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When Windies cricket reigned supreme

Published: 
Sunday, December 20, 2015

Cultural degeneracy has set-in across the English-speaking Caribbean and is at the core of the hopelessness of West Indies cricketers and cricket. Off the field, succeeding West Indies cricket boards have demonstrated their innocence of knowing what to do. 

What is worse, the boards have not shown any inclination to accept solid organisational and cricketing advice. Instead, they have behaved in the only manner they know: colonial governorship that covers its ineffectiveness and barrenness of thought through the high-handed and inappropriate action of the governors. 

Notwithstanding our hand-wringing over Samuels, Roach, Ramdin, Holder and others, it is only when the people and institutions of the West Indies come to understand our condition can we develop the capacity to transform one of the few aspects of our civilisation in which we have at times led the rest of the world.

Not for the first time, I offer an outline of the cluster of circumstances and intellectual thought which worked towards creating the greatest cricket teams in the history of Test cricket; obviously I speak of the West Indian Test teams in the Lloyd and Richards era and before that the golden era created through the intervention of Frank Worrell.

West Indies cricket came out of a colonial relationship with the colonised seeking to make the point of their humanity to their colonial masters: we can take your game, which was and continues to be a statement on civilisation, and beat you at it.

The English undoubtedly assisted in the process of West Indian cricket arising out of adversity. Before West Indian players dazzled on the English county circuit, a couple dozen West Indian players led by Learie Constantine and the great George Headley played on the Village Green in the English Leagues. There Constantine through the 3Ws, Sobers, Hall and Gilchrist and others became professionals working for their keep amongst teams of local amateurs. The West Indians along with pros from Australia and elsewhere had to perform to earn wages and the collection taken around the grounds on Saturday afternoons.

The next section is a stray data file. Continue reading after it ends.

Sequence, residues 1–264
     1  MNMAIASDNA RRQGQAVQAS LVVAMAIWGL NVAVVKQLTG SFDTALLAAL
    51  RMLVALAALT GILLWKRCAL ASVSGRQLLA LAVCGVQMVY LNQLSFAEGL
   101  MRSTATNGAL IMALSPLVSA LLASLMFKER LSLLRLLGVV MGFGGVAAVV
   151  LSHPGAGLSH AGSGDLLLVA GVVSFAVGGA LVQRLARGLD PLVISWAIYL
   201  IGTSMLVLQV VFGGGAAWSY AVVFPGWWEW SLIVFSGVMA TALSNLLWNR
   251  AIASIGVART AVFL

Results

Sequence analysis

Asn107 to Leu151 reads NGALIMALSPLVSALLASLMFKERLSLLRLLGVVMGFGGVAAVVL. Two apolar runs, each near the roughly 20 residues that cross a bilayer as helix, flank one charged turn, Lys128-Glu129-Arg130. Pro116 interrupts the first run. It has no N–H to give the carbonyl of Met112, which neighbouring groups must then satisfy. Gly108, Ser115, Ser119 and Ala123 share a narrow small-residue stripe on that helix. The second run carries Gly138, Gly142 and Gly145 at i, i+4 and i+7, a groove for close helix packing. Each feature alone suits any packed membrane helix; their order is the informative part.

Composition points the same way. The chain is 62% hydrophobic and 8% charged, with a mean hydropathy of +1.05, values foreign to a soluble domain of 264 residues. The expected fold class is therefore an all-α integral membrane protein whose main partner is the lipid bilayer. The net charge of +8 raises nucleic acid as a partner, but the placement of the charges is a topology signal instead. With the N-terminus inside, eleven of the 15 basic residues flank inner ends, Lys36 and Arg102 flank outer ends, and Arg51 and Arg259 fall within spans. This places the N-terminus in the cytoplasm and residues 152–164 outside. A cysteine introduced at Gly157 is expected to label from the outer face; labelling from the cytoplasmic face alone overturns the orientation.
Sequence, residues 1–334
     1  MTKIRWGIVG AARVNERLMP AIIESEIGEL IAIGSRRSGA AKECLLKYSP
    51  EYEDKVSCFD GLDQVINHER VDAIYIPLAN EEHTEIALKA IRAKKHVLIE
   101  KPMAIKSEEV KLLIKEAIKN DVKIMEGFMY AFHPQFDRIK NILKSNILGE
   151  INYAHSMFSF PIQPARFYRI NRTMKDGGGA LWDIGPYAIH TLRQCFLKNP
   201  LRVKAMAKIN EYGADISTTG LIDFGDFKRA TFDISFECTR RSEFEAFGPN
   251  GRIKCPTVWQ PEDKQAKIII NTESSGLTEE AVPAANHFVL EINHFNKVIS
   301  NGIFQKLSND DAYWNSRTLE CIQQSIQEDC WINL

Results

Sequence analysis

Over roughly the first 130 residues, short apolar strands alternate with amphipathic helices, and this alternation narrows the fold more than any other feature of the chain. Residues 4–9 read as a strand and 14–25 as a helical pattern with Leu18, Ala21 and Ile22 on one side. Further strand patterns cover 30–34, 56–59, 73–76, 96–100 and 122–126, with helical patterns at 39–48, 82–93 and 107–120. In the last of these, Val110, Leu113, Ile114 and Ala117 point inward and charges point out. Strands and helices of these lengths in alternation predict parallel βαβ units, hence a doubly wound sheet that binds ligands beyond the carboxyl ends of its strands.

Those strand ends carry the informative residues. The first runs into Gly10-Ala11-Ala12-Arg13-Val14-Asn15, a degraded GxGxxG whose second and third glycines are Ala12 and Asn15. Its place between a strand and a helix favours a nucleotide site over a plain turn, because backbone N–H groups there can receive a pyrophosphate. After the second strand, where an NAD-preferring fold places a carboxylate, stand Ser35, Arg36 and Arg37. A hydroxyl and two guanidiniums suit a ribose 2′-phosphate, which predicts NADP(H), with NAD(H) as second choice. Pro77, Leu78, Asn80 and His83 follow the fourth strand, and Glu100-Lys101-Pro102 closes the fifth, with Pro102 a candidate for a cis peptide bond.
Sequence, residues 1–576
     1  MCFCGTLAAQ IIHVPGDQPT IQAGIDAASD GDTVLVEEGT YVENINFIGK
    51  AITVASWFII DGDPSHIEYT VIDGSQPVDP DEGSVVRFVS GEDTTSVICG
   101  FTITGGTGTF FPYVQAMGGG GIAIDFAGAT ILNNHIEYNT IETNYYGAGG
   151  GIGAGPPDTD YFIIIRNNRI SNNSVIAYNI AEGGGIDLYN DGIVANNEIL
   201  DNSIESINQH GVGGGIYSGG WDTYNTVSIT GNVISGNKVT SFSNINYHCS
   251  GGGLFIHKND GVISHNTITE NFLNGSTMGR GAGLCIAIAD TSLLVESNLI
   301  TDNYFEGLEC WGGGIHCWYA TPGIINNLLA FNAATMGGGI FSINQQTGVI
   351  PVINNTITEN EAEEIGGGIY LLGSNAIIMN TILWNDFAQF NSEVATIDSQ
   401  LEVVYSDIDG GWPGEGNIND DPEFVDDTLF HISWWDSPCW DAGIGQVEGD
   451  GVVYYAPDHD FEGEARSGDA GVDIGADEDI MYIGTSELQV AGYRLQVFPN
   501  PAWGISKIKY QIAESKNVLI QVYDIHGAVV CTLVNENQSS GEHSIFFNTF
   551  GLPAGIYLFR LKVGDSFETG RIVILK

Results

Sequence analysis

When the likes of Roy Marshall and Sobers and then the modern era of Lloyd, Gibbs, Fredericks, Murray, Davis, Holding, Roberts, Richards and several others filtered into the county circuit, they became fully aware of the rigours of professionalism. They had to play day-in, day-out with no fall-back position; if they wanted to keep their contracts they had to perform at the highest professional levels and against many of the top players from all over the cricket-playing world.

Players of the periods had grown up and developed personalities in an era of strong values, a sense of virtue, pride in achievement and had the benefit of parental training to develop character; and it mattered not what social strata they were brought-up in.

As part of his masterly leadership of the West Indies Frank Worrell nurtured in West Indian players an understanding of what being a West Indian meant; he taught players to convert island nationalities into a West Indian identity and in so doing they could conquer the world. 

Worrell also led the way from the era in which it was believed by many that only a white West Indian could lead black players on the field. He demonstrated as Toussaint L’Ouverture had done 150 years before that in strategy, leadership and on-field battle, black generals were inferior to none. More than that, Worrell led with such dignity that 250,000 Australians were on the streets to wish the West Indians, who had revived Test cricket, farewell after the 1960/1 tour Down Under.

The Sobers era in a team with the likes of Kanhai, Hall, Griffith and others reigned supreme on the steam of what Worrell had left behind. However, not for the last time, the WICBC did little to preserve the legacy. They, like many others, believed there was little behind the success of Worrell and Sobers but brilliance; a kind of capacity born of their West Indianess and not by any exercise of the intellect, planning and programming for the future. 

As the Worrell input dissipated and chastened by a sound licking by Chappell’s Australians, Clive Lloyd determined he had to reclaim his West Indian heritage left him by the great Challenor, Constantine, the incomparable Headley (Atlas who held the West Indian world on his shoulders), by the 3Ws, led by Frank Magline Mortimer Worrell, Sobers, Kanhai, Hall and Gibbs.

For the task forward, Lloyd aligned himself with West Indian talent Down Under in the form of Dr Rudi Webster, a trained and well-practiced sports psychologist. Together they toughened and smartened the approach of our players to face the world. The team had the additional bump from Kerry Packer who threatened to send the team of West Indians home if they did not perform.

Lloyd went against decades of belief that the best combination required a pair of fast bowlers, a medium pacer to swing the ball through the middle overs and a spinner or two for when the wicket was made rough by four days of constant play.

Instead, Lloyd used the penetrating force of four lightning-quick fast bowlers of different styles and varieties and methods of attack, allied to intellectual strategies and mental strength to flatten the opposition. Combined with a few of the most destructive batsmen in the history of the game, himself included, Lloyd and then Richards swept all before them for 15 years. The point is success did not happen by guess. To be continued . . . 

 

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